Reducing sediment connectivity though man-made and natural sediment sinks in the Minizr Catchment, Northwest Ethiopia

Mekonnen, Mulatie and Keesstra, Saskia D. and Baartman, Jantiene E. M. and Stroosnijder, Leo and Maroulis, Jerry (2016) Reducing sediment connectivity though man-made and natural sediment sinks in the Minizr Catchment, Northwest Ethiopia. Land Degradation and Development, 28 (2). ISSN 1085-3278

Abstract

Man-made and natural sediment sinks provide a practical means for reducing downstream reservoir sedimentation by decreasing soil erosion and enhancing the rate of sedimentation within a catchment. The Minizr catchment (20 km2) in the northwest Ethiopian highlands contains
numerous man-made soil and water conservation (SWC) structures such as soil bunds (Erken), fanya juu ridge (Cab) and micro-trenches and natural sediment sinks such as wetlands, floodplains and grassed waterways. These sediment sinks reduce downstream sedimentation into the
Koga reservoir, located at the catchment outlet, however, a large quantity of sediment is still reaching the reservoir. This study evaluates the function and effectiveness of both man-made SWC structures and natural sediment sinks in reducing sediment export from the Minizr catchment. SWC structures and natural sediment sinks were digitized using Google Earth Imagery. Sediment pins and vertical sampling
through the deposit were used to quantify the amount of deposited sediment. In addition, inflow and outflow of suspended sediment data were used to calculate the sediment-trapping efficacies (STE) of man-made SWC structures (soil bunds and fanya juu ridges) and natural sediment
sinks. Results reveal that 144 km soil bunds and fanya juu ridges trapped 7,920Mg y�1 (55 kgm�1 y�1) and micro-trenches trapped 13·26Mg y�1, each micro-trench on average trapped 23 kg y�1. The 17 ha floodplain located in the centre of the catchment trapped 9,970Mg y�1 (59 kgm�2 y�1), while a wetland with a surface area of 24 ha, located near the outlet of the catchment, trapped 8,715Mg y�1 (36 kgm�2 y�1). The STEs of soil bunds and fanya juu ridges, wetlands and floodplains were 54%, 85% and 77%, respectively.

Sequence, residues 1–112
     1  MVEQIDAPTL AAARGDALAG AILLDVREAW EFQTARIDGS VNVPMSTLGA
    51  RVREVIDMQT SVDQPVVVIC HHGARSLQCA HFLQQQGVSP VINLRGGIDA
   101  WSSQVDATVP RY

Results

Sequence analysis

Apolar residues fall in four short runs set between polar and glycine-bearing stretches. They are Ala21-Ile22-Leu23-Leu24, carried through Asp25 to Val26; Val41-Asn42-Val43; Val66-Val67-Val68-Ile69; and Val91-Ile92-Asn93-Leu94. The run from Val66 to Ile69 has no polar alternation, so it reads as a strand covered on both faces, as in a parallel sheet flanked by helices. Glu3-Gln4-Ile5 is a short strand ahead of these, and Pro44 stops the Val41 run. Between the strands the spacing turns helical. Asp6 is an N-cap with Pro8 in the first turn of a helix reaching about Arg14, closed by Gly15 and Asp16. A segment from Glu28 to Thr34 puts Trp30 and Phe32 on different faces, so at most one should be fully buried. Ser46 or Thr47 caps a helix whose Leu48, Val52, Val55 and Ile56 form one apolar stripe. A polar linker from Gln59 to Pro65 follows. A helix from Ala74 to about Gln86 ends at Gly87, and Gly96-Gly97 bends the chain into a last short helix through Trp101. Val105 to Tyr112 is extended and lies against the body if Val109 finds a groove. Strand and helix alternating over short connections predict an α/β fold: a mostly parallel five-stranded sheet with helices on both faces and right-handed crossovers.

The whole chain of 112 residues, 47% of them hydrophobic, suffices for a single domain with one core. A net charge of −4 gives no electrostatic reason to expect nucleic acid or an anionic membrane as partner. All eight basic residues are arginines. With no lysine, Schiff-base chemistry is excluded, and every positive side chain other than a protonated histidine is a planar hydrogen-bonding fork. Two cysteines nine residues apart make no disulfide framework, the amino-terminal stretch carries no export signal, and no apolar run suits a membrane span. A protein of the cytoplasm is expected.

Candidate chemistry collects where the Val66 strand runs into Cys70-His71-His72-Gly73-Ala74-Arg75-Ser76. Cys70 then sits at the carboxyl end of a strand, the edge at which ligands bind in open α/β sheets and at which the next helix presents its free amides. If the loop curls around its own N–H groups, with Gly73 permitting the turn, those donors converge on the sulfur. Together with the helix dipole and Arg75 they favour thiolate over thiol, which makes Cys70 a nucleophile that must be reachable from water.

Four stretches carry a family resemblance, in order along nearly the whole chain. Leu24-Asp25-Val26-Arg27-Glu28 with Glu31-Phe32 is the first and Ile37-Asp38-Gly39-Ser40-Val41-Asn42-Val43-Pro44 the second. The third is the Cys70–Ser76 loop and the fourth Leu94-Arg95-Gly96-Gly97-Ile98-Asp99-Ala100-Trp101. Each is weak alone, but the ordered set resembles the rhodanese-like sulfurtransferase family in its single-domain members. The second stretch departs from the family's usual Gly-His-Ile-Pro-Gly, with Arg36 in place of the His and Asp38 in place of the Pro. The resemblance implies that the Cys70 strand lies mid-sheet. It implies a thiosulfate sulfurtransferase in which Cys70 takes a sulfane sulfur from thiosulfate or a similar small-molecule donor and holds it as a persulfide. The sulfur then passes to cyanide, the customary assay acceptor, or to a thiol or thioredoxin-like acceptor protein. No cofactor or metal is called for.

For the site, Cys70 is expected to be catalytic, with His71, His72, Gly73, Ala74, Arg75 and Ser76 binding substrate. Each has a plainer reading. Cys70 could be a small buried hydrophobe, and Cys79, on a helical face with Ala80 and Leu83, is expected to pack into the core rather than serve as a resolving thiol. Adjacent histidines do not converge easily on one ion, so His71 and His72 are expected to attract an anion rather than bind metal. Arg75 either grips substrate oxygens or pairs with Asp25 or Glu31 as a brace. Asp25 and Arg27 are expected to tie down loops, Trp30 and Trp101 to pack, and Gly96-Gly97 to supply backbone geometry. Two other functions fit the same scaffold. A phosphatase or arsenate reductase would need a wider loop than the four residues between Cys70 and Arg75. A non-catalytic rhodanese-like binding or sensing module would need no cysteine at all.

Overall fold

Substantial differences were observed between the STE of grassed and un-grassed waterways at 75% and 21%, respectively. Existing man-made and natural sediment sinks played an important role in trapping sediment, with 38% (26,600Mg y�1) of transported sediment being trapped, while 62% (43,000Mg y�1) is exported from the catchment and thus enters the Koga reservoir. Therefore, additional
catchment treatment measures are required as an integrated catchment scale sediment trapping approach to help reduce sediment loads entering Koga reservoir. Moreover, to maximize the effectiveness of sediment trapping measures, avoid structural failure and ensure their
sustainability, regular maintenance is needed.


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Item Type: Article (Commonwealth Reporting Category C)
Refereed: Yes
Item Status: Live Archive
Additional Information: Published online 3 October 2016. Permanent restricted access to ArticleFirst version, in accordance with the copyright policy of the publisher.
Faculty / Department / School: No Faculty
Date Deposited: 24 Jan 2017 05:44
Last Modified: 21 Sep 2017 01:28
Uncontrolled Keywords: soil and water conservation structures; wetland; floodplain; waterway; sediment trapping efficacy; Koga reservoir
Fields of Research : 05 Environmental Sciences > 0503 Soil Sciences > 050302 Land Capability and Soil Degradation
Identification Number or DOI: 10.1002/ldr.2629
URI: http://eprints.usq.edu.au/id/eprint/30386

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